After spending his days teaching AP American history and economics at the public Live Oak High School in San Jose, Calif., Matt Barry drives for Uber.
Barry’s wife, Nicole, teaches as well — they each earn $69,000, a combined salary that not long ago was enough to afford a comfortable family life. But due to the astronomical costs in his area, including real estate — a 1,500-square-foot “starter home” costs $680,000 — driving for Uber was a necessity.
“Teachers are killing themselves,” Barry says in the new book, “Squeezed: Why Our Families Can’t Afford America” (Ecco), out Tuesday. “I shouldn’t be having to drive Uber at eight o’clock at night on a weekday. I just shut down from the mental toll: grading papers between rides, thinking of what I could be doing instead of driving — like creating a curriculum.”
In her book, author Alissa Quart lays out how America’s middle class is being wiped out by the cost of living far outpacing salaries while a slew of traditionally secure professions — like teaching — can no longer guarantee a stable enough income to clothe and feed a family.
“Middle-class life is now 30 percent more expensive than it was 20 years ago,” Quart writes, citing the costs of housing, education, health care and child care in particular. “In some cases the cost of daily life over the last 20 years has doubled.”
In one of her book’s many striking findings, Quart writes that according to a Pew study, “Before the 2008 crash, only one-quarter of Americans viewed themselves as lower class or lower-middle class. No longer. After the recession of 2008 . . . a full 40 percent of Americans viewed themselves as being at the bottom of the pyramid.”
One of the book’s main messages, therefore, is that people finding it impossible to make ends meet shouldn’t blame themselves. It’s the system, she says, that’s broken.
“The main problem is a basic lack of a 21st century safety net for families,” Quart tells The Post, offering the cost of day care as just one example.
“In Montreal,” where day care is government subsidized, it costs “$7 to $20 a day. That makes a huge difference for families.” Figured annually for 50 weeks a year, five days a week, people in Montreal pay $1,750 to $5,000 per year on child care.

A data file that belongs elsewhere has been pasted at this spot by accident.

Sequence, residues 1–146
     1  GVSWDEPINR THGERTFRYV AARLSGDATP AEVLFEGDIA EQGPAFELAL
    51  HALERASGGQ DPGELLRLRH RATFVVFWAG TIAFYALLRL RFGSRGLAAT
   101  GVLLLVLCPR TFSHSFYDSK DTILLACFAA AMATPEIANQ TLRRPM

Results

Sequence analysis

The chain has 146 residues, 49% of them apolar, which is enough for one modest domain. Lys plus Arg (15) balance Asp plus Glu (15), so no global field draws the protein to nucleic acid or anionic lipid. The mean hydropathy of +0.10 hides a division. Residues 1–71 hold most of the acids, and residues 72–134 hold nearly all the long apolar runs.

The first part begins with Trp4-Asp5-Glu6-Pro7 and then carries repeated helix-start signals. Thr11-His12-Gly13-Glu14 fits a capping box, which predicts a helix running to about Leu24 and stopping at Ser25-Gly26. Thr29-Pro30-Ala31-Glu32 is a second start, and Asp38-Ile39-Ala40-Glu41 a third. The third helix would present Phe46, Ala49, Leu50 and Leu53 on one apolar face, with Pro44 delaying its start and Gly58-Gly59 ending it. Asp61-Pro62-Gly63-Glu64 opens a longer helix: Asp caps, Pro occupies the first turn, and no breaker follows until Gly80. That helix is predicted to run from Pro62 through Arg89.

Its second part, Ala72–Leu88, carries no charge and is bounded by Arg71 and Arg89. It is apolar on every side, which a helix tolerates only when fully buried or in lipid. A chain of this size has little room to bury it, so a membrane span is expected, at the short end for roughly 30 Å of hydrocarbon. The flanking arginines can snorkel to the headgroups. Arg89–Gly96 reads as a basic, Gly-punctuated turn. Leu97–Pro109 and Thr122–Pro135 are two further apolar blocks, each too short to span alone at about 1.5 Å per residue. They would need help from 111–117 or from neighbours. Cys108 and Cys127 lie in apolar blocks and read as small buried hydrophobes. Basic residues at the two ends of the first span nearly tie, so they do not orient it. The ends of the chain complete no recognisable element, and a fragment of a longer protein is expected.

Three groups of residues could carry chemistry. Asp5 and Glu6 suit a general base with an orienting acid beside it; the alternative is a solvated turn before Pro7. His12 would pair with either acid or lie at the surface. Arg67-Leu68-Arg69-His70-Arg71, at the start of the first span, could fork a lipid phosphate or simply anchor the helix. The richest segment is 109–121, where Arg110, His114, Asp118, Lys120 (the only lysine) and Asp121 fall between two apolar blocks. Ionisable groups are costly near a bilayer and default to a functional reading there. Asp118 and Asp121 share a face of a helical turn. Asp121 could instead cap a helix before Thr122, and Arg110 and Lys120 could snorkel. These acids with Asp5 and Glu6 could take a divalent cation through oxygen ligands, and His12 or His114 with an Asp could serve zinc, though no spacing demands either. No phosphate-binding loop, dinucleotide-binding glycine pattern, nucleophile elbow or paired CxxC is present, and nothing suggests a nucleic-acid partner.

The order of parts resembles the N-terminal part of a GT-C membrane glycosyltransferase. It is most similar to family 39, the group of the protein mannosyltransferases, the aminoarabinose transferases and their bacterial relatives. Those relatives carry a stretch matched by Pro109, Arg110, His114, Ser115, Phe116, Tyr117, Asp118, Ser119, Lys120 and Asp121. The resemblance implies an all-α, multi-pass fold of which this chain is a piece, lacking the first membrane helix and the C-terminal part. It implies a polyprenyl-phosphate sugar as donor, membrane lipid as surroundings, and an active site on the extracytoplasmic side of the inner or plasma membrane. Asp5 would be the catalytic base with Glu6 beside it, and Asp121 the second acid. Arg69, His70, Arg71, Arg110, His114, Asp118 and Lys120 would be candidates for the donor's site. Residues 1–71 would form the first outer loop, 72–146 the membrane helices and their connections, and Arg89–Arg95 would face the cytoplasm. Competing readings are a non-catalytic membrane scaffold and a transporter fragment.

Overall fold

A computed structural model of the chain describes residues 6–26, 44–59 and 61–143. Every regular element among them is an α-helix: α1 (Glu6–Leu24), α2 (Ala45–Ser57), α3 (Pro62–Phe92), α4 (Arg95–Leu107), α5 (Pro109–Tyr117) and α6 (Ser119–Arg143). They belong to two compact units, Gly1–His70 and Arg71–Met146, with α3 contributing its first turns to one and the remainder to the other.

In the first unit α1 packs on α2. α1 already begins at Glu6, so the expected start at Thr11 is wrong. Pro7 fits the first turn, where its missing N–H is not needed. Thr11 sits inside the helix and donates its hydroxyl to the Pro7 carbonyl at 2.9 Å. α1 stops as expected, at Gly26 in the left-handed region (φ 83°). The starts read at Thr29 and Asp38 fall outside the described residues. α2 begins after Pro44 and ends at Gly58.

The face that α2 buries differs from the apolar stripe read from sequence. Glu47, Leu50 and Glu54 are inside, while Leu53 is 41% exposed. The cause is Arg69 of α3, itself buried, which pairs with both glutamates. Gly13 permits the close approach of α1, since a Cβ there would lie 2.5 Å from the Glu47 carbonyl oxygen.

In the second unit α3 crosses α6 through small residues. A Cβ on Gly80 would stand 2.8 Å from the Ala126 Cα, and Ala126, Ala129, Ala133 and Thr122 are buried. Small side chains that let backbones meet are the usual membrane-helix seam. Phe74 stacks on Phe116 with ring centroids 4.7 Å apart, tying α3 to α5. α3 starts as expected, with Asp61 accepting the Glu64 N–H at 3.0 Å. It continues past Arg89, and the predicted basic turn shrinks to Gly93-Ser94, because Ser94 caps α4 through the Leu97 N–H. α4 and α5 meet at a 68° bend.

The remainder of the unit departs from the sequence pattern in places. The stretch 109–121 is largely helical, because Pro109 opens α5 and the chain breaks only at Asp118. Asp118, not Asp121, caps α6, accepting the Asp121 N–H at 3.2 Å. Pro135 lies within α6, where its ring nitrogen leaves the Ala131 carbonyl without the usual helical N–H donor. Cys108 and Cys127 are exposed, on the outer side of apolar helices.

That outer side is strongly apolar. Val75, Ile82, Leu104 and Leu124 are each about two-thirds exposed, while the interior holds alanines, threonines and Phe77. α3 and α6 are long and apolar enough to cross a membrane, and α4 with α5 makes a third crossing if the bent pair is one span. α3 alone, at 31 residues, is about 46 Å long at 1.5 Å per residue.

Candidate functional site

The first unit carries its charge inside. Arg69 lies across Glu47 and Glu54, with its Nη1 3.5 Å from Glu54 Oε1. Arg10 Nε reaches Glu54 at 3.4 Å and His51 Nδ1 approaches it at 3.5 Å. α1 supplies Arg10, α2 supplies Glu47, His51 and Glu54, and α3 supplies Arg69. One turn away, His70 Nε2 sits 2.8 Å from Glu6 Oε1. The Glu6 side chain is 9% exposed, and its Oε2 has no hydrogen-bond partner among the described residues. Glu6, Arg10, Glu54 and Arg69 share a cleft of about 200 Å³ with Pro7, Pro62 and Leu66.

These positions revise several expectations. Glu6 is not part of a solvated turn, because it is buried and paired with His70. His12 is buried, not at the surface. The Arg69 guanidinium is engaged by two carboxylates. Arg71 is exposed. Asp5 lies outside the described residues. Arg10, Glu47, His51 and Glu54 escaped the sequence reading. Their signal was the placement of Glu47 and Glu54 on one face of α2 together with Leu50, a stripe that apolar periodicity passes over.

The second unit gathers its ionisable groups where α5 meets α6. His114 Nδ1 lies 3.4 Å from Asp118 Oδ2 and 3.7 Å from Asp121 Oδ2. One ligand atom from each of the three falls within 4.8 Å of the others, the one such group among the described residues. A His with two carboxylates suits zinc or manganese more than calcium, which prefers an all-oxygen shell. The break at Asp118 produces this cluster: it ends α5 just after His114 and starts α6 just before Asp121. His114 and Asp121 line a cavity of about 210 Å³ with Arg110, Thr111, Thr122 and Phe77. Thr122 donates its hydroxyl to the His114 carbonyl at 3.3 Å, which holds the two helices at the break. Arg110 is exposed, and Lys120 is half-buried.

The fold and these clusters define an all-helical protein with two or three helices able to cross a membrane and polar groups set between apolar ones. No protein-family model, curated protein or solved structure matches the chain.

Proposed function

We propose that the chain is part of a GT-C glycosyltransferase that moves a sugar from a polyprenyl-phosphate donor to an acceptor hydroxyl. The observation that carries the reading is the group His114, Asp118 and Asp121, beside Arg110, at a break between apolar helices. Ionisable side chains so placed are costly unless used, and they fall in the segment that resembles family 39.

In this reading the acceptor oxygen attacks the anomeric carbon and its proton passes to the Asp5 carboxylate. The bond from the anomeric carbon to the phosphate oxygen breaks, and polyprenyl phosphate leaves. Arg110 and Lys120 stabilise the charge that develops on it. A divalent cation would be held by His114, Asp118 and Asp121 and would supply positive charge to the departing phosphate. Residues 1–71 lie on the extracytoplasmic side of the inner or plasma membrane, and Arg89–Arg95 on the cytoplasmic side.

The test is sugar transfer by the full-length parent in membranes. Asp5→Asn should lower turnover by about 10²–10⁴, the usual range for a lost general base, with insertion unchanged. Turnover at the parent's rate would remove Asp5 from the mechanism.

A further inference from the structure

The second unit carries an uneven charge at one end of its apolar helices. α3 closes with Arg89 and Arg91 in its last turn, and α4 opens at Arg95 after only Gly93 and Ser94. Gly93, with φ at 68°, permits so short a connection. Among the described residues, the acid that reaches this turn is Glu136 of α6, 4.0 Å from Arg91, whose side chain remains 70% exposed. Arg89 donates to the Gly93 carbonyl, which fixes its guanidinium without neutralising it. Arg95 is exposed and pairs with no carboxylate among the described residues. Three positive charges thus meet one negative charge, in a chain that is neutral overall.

By comparison, Quart says that here, “many of the families I spoke to, who were ostensibly middle class, were spending around 20 to 30 percent of their income on day care.” Annual averages in the US range from “$10,468 for a center-based child-care program to $28,905 for a nanny.” According to the Economic Policy Institute, the annual average cost of infant care in New York state is $14,144. The average New York family with just one child pays 21.2 percent of their income on child care. For two kids, that rises to 38.7 percent.
“These days, professors may be more likely than their students to be living in basement apartments and subsisting on ramen and Tabasco,” she writes.
At the professorial level, more colleges than ever, driven by bloated administrative bureaucracies, are relying on adjunct professors who receive low wages and no benefits. In the book, Quart cites one survey that found that 62 percent of adjunct professors earn less than $20,000 a year from teaching.
“A lot of things happened in [academia]. It became much more administrative,” says Quart, noting that tenured professor positions have been eliminated through attrition as more non-tenure track professors, such as adjuncts, were hired instead.
She writes that according to the Department of Education, “college and university administrative positions grew by 60 percent between 1993 and 2009 — 10 times the rate of growth of tenured faculty positions.”